1931 Plymouth Model PA Sedan

Chrysler’s introduction of the affordable Plymouth line in July 1928, aimed at challenging Ford and Chevrolet, helped the company navigate the early 1930s Depression. Despite not being a revolutionary design, the four-cylinder Plymouth featured hydraulic braking, full-pressure lubrication, and aluminum pistons—innovations unmatched by rivals for a decade. The car’s instant success led Plymouth to become the third top-selling brand in the US auto industry by 1933, trailing only behind Ford.

In 1931, the 3.2-liter four-cylinder PA model was launched on May 1st and proved equally successful. Highlighted by its ‘Floating Power’ engine mountings, promising a smooth drive with minimal vibration, the PA shared a resemblance to DeSoto and Chrysler’s higher-end six-cylinder models.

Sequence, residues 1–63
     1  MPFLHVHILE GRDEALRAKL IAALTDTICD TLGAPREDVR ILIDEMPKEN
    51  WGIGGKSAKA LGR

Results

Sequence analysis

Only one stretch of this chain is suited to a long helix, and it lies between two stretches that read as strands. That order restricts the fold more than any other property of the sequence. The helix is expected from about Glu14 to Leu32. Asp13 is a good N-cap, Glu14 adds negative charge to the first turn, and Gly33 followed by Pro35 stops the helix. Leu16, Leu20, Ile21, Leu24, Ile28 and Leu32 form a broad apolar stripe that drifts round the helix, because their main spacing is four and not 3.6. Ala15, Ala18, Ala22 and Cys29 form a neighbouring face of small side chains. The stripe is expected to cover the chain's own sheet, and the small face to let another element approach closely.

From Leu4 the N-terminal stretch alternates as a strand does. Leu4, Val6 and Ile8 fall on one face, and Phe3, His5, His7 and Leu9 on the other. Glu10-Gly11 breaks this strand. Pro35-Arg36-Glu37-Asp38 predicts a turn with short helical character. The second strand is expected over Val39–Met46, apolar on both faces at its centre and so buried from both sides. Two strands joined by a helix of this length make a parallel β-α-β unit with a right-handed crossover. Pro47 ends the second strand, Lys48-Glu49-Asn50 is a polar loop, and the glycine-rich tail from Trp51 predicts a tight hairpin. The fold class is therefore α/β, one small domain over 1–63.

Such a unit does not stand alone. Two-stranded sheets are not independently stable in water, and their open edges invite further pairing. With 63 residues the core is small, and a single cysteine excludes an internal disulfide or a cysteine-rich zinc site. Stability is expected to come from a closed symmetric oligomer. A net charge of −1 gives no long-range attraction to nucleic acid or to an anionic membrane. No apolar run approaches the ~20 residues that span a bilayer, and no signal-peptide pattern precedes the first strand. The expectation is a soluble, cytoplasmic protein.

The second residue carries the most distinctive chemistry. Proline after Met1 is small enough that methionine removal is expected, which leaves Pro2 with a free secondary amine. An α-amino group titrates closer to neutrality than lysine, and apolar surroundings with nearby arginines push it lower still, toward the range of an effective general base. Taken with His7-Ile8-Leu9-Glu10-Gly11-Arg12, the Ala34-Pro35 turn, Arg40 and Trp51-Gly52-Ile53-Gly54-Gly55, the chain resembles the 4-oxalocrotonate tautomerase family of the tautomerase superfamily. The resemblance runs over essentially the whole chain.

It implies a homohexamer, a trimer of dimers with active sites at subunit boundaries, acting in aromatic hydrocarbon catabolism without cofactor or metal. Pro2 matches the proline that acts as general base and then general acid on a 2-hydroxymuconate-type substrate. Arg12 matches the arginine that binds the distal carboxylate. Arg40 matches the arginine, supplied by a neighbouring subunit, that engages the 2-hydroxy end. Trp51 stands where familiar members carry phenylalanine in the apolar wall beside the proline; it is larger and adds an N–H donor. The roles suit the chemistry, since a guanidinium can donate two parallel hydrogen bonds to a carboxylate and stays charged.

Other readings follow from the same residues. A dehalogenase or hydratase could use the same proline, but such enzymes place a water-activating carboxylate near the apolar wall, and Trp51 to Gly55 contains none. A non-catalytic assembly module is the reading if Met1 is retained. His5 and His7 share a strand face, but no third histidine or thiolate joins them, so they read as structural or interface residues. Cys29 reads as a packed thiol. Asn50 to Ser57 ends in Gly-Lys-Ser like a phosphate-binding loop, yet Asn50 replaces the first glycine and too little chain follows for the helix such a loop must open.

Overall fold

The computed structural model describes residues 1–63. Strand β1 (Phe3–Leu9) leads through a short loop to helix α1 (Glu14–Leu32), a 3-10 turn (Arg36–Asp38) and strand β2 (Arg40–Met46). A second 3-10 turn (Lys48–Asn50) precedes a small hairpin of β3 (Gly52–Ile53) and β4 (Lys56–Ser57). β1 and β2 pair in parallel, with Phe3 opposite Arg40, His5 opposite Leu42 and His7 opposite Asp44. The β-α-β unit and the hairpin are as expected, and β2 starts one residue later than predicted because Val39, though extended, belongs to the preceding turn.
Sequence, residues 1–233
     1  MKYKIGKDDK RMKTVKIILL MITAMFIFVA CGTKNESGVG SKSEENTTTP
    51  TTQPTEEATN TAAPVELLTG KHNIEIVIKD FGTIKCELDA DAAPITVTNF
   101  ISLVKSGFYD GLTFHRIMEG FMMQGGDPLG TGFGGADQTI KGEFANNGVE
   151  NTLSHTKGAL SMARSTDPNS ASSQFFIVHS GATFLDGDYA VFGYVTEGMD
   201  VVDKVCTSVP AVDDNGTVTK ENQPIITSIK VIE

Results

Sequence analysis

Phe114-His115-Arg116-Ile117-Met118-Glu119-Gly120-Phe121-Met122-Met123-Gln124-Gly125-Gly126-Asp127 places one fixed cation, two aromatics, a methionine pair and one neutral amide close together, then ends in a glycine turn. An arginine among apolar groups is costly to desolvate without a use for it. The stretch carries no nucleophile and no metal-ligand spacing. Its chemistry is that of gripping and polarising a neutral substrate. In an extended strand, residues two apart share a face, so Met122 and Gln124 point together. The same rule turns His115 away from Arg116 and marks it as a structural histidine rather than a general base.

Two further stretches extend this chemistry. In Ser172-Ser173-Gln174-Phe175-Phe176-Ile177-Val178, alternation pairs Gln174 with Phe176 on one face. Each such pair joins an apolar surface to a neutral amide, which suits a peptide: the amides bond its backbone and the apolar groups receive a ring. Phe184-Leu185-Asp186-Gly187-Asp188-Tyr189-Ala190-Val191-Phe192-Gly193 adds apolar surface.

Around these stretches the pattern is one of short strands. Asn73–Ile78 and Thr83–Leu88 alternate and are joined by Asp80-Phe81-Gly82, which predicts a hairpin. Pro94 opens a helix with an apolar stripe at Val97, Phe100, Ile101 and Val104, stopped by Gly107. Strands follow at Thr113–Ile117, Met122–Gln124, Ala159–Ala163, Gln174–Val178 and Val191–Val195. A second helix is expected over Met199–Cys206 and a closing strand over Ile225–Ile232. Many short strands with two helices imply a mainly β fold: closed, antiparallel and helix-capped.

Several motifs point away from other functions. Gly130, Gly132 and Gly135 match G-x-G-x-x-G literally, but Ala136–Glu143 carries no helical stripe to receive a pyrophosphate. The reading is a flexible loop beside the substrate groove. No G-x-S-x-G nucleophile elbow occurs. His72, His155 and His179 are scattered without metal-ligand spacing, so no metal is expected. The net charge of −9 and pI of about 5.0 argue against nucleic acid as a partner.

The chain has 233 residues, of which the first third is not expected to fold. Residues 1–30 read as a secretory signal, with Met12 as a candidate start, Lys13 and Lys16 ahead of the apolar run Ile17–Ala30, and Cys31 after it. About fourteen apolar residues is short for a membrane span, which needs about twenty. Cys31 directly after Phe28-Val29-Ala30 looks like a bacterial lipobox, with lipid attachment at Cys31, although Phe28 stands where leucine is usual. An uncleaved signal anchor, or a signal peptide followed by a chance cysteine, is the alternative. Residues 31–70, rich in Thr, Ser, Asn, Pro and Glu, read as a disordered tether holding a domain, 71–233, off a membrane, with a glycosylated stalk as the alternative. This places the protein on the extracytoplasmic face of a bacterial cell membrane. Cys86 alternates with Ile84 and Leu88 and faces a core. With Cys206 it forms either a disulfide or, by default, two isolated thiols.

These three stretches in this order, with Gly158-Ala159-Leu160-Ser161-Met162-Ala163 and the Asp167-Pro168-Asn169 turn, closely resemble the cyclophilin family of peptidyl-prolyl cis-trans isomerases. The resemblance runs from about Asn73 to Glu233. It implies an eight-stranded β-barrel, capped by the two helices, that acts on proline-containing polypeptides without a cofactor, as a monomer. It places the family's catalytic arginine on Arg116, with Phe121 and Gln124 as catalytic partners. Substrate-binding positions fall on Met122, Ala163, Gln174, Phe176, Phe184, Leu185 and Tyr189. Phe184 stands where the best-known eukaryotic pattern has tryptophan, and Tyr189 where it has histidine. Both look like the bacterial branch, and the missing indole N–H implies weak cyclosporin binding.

This design appealed to budget-conscious customers unable to afford more expensive models. To cater to those with tighter budgets, Plymouth offered two ‘Thrift’ models, and there was also a smaller-bore export version. Chrysler’s overseas factories in the UK, Denmark, and Sweden assembled these vehicles from semi or completely knocked-down chassis.

Source: Bonhams